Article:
I spend a lot of time looking for whales. I could watch them for hours. They are rarely where I think they should be yet I am becoming more aware of there habits and the likely places they will appear. In the end though they are where they are and they are just as likely to be waaaaaay over there as they are to suddenly appear right next to the boat.
Many years ago I went by myself to NW Trek. It was a lovely spring day and I was mad at someone and mad at myself so I went to NW Trek alone. So there! I was in a bit of a pissy mood but the drive south let the tension ease and I was excited to board the tram and see the animals. Though completely unfamiliar with NW Trek I had managed to arrive in the middle of the spring birthing for many of the parks residents. As we wound our way around the tram driver alerted us to the possibility of a new born buffalo in a draw ahead. AS we neared you could see the mother buffalo and long legged wobbly baby. It was bright orange and I was surprised at the color. It seemed that he would stick out like a sore thumb in the wild and be wolf dinner soon. The tram driver explained that the reason behind the coloring. Wolves see only in black and white and shades of gray. In Black and white the bright orange is transformed into the exact color of the grasslands the great buffalo once roamed so freely. Perfect camouflage made just for him.
Whales have the same magic camouflage. They are mostly black and shine as the water rolls off there backs. The spouts of there breath is just the same coloring as a breaking wave. They like to spend there time feeding along the shores of deep water. And along those same shores the incoming waves roll and break in perfect camouflage. IN the sun the sparkling waters hide the shine of the water pouring off their backs and in fog the spouts disappear it its depth. Even when they sleep they are hiding in plain sight. They float flatter while sleeping. Breathing much shallower breaths so the plumes of the spouts are shorter in height and hang time. Their black backs having just enough shape to allow them to look like they are part of the sea.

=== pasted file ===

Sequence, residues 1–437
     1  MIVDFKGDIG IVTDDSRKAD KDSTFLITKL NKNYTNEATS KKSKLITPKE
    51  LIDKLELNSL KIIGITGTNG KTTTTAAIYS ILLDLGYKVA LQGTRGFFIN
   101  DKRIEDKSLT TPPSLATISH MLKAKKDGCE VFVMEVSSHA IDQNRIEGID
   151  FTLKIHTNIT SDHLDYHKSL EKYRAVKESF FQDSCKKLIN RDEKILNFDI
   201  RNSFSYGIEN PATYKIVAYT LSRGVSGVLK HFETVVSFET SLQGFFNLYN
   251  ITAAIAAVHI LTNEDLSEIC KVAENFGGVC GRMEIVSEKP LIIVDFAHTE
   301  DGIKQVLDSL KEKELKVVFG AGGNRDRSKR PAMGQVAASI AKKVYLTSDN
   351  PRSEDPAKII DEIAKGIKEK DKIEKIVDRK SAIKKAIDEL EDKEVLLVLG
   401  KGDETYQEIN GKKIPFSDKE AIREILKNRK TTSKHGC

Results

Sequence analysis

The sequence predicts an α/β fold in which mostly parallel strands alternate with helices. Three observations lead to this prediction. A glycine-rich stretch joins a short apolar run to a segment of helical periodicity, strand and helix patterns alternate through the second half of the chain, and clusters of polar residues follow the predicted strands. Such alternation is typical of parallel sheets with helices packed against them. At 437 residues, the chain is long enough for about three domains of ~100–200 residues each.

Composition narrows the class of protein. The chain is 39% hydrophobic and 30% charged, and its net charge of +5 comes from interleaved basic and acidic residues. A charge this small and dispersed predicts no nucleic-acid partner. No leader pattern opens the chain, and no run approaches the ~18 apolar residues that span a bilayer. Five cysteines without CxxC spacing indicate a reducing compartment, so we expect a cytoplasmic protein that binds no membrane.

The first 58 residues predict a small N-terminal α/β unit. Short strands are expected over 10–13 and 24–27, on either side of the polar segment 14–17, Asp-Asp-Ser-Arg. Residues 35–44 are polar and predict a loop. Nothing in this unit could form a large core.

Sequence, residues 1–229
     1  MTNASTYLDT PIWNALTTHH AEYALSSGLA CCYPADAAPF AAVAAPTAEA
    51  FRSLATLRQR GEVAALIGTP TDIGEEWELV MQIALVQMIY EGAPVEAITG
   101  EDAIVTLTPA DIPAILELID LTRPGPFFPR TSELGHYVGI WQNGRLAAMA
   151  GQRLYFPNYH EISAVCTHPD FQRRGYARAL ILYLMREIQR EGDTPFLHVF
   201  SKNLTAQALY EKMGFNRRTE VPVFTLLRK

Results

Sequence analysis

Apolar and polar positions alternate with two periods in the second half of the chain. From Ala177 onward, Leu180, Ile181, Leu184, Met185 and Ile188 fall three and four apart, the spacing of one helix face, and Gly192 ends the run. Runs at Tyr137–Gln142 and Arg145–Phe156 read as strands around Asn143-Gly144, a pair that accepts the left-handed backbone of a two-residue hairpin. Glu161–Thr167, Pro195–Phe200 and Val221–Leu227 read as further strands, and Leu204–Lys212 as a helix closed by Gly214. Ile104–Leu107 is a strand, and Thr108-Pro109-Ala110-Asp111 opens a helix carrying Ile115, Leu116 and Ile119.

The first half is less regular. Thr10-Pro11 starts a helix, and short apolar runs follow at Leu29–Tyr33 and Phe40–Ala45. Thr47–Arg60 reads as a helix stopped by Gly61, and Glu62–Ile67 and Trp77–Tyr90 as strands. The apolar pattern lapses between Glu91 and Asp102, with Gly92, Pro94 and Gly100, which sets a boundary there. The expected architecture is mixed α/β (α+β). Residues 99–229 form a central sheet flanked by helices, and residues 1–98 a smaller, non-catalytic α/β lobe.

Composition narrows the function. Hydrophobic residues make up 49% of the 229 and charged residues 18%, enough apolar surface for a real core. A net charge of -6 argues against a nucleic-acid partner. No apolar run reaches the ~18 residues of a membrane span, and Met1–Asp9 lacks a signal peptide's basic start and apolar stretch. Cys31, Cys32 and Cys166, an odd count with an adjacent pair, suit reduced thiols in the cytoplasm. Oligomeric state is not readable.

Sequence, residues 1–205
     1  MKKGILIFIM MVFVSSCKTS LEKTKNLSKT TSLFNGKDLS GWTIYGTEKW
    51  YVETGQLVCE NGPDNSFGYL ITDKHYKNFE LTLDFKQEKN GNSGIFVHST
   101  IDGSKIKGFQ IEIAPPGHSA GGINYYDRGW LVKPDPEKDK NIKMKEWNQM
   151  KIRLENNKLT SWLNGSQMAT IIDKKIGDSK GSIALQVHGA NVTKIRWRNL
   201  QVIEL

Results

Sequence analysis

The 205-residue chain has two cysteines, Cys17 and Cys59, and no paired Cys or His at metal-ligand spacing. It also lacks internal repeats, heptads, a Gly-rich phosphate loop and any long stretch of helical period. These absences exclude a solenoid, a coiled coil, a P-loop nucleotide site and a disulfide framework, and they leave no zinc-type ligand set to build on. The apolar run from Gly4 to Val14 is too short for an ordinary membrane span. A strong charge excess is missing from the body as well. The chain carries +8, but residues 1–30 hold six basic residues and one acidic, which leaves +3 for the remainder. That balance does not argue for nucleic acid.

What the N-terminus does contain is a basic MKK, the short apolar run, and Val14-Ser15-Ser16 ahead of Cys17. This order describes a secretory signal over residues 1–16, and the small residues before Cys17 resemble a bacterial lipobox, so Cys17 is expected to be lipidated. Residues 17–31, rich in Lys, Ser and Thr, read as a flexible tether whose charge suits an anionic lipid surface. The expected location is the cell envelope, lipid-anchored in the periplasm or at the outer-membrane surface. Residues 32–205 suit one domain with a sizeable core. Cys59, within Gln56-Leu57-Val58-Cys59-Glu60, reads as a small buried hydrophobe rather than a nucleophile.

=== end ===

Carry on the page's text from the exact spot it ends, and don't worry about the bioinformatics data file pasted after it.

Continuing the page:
Day before yesterday we went back to Gooseneck Bay. We stopped there on our way north and were lucky enough to meet Dave, one of the Burnaby firefighters who bought the old cannery and is working on rebuilding it as sort of a giant family summer cabin complex. This time there was no one at the cannery. We motored into the neck of Gooseneck Bay under bright sunshine and the bay closed in around us and blocked out the wind leaving a smooth flat calm. The whales were feeding along the steep too banks of the bay. In 200 to 300 feet of water right in close to the trees. They were intently feeding, rolling, slapping, When they feed they seem to move along in slow motion. Erupting in half speed with their great mouths yawing open and folding closed as they slide back into the deep. We could hear them plainly and we sat, motor off, mesmerized as we scanned for the next surfacing. For me it is always magical.
Eventual we need to get anchored, it had been a long day so we turned the corner into the head of Goose Bay. I was pumped though and wanted to go back out. Bill was tired and hot. How often do you have whales right outside your anchorage. As soon as we were settled I gathered up some water, the binoculars, the hand held VHF and my camcorder-dinner would have to wait. I loaded fresh bait into the crab pot to drop on my way out and was off! #%$^*& the outboard wont start. I can hear the whales around the corner. I cant take the kayak cause my tennis elbow is trying to heal. Bill doesn't really want to tear into the outboard now. He is hot, tired and hungry. He climbed in anyway to try. I can still hear the whales occasionally. Eventually we gave up for dinner. Afterward Bill climbs in again to take the outboard apart- for me. I hear the motor start. Yea! The we look up. There is a seiner coming into the Bay. With their nets out. I am worried for the whales but the whales will be wary. I cant hear them any more. The seiner goes round and round and round. The sound of the whales is gone. I go to sleep disappointed and a little sad inside.
This morning we are up and out early. We have along day getting around Cape Caution. We motor around the corner from the head of the bay into the neck and there they are. One, no two. No, three. Slowly going about their business of feeding, rolling, slapping and disappearing. I could watch for hours- but we have to go. I will keep looking for whales.....everywhere. In places where they are likely to be and in places they are not. Just in case. We leave the confines of the bay and then the sound and move out into Queen Charlotte Sound. I go below to write until I hear a shout from Bill. A humpback surfaced right next to the boat. Then was gone again. I go back to writing. Think I will clean the boat today.